semi-trucks passing on a rural roadSemi-trucks are a common sight on Missouri roadways. While many truck drivers never exit the interstate for more than coffee and a meal, others cruise the countryside to pick up and deliver their cargo, whether it’s steel beams for a rural construction site or a load of vegetables meant for a small-town supermarket. Although most semi-truck drivers are hard-working, safety-conscious professionals, rural routes pose their own set of risks. In fact, statistics suggest that most truck-related accidents do not occur on the highway but in cities, small towns, and other less-populated areas.

How Truck Accidents Happen in Cities and Small Towns

You may be surprised to learn that, for most drivers, there’s nowhere safer than the highway: accident rates in cities, towns, and rural routes are, in fact, considerably higher than accident rates on the interstate. Commercial truck crashes can be caused by a number of factors, but when truck drivers leave the highway, the chance of a crash could increase due to the presence of:

  • Stop-and-go traffic
  • Unpredictable drivers
  • Dangerous intersections
  • Pedestrians
  • Cyclists

Rural roads, too, can present challenges for truckers, including the following:

  • They can be difficult to navigate. Most rural roads only have two lanes. If a truck has to make a sudden turn or is negotiating a harsh curve in the Ozarks, it may inadvertently drift into oncoming traffic.
  • They often do not have adequate shoulders. If a truck needs to avoid an unexpected obstacle or impending danger, it may be prevented from doing so by a lack of road “shoulder.”
  • They have unique obstacles. Roads in particularly rural areas may be poorly maintained: state road crews may take longer to clear them after a storm, and they may be laden with pot-holes and other construction flaws.

What to Do After a Crash

If you were hurt by a truck driver, you should always:

  • Call the police. Even if you were not severely injured, a law enforcement officer will document the site and scene of the crash. You can use their report to substantiate your claim.
  • Gather evidence. Take photographs of the damage to your vehicle and to the semi-truck, as well as your own injuries, if any. Record whether there are any traffic control signs, as well as the names of any nearby street signs or roadway mileage markers. If anyone else witnessed the accident, ask them for their name and contact information.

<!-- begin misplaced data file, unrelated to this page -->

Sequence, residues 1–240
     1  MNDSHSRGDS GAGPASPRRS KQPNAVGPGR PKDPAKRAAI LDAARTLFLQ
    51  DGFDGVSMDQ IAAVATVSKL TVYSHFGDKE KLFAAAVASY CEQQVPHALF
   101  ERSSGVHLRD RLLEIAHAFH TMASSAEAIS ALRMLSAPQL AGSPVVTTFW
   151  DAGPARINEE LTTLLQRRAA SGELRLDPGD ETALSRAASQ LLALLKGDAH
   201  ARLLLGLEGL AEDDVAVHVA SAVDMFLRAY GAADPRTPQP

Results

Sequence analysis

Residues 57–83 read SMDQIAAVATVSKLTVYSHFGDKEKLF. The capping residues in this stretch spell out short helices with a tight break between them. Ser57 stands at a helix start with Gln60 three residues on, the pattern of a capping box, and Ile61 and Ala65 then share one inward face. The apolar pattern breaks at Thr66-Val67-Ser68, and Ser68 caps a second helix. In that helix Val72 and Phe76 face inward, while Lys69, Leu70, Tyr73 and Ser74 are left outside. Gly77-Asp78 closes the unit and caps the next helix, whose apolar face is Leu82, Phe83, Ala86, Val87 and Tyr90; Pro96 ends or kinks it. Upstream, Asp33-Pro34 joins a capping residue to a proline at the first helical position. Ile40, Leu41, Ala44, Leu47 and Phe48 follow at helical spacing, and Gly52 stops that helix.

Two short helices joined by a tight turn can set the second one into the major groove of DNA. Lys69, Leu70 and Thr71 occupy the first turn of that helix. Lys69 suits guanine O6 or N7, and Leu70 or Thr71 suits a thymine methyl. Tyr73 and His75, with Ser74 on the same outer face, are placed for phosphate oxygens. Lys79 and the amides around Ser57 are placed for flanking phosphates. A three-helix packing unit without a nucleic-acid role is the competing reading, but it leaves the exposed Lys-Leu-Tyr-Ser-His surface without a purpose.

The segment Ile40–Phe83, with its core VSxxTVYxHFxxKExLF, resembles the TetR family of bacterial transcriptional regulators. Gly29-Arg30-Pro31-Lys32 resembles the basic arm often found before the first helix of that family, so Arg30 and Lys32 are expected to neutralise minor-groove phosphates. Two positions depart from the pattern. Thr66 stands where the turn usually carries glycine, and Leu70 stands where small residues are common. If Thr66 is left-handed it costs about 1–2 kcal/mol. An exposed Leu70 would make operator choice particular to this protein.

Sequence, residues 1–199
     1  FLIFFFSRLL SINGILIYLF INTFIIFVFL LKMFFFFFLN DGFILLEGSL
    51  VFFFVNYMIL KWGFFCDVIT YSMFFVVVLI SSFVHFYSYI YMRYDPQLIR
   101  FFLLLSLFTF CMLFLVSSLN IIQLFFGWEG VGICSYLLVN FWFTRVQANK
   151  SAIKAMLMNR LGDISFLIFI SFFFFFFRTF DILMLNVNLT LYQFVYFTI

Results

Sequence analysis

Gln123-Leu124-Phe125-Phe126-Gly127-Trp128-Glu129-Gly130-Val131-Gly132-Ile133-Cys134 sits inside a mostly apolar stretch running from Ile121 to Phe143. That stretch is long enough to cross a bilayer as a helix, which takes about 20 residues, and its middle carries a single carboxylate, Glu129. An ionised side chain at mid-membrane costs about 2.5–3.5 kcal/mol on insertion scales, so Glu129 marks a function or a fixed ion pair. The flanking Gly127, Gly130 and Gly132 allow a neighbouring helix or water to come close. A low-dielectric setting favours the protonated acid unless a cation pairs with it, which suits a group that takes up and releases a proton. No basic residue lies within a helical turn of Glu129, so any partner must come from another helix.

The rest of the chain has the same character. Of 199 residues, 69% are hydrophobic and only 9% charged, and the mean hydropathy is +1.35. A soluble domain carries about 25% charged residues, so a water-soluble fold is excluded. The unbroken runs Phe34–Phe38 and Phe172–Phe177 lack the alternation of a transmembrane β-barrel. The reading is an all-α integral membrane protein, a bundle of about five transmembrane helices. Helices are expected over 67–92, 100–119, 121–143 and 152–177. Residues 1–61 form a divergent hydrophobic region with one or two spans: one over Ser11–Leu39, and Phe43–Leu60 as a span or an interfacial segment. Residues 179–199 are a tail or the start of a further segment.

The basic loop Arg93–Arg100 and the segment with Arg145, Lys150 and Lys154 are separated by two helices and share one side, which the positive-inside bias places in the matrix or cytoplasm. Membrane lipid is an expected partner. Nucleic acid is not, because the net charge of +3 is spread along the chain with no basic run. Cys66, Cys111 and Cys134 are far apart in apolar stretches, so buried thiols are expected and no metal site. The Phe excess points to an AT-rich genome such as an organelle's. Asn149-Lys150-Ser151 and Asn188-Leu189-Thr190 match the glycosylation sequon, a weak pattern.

• Seek immediate medical treatment. A physician can help you identify and treat injuries that may have been masked by the adrenaline rush following a motor vehicle accident. Accept treatment if it is offered, or seek it independently. Always follow your physician’s recommendations. Even if you do not believe you were injured, seeking medical help shows insurance companies that you had concerns about your physical well-being so that, if you do develop accident-related health concerns at a later date, they cannot accuse you of fabricating harm for material gain.
  • Call an attorney. Once you have ensured your own health, as well as that of your passengers, contact an attorney. After the accident, you will be contacted by an insurance adjuster who may pressure you into making a statement or recounting your version of events. You should never speak to an adjuster alone. An attorney will help you deal with the truck company and their insurer to negotiate a fair and equitable settlement.

Potential Damages After a Missouri Truck Accident

Since Missouri does not have a cap on damages arising from truck accident claims, you may be eligible to recover damages such as:

  • The cost of a car repair
  • Medical bills
  • Physical rehabilitation
  • Income lost during your medical recovery
  • Diminished earning potential from life-changing injuries
  • Emotional pain and suffering
  • Disfigurement
  • Emotional trauma

An attorney can help you take account of the sum of your damages and will consult specialists to determine the maximum value of your claim, including expenses you may need for continuing or long-term care.

Megan D. Andrews
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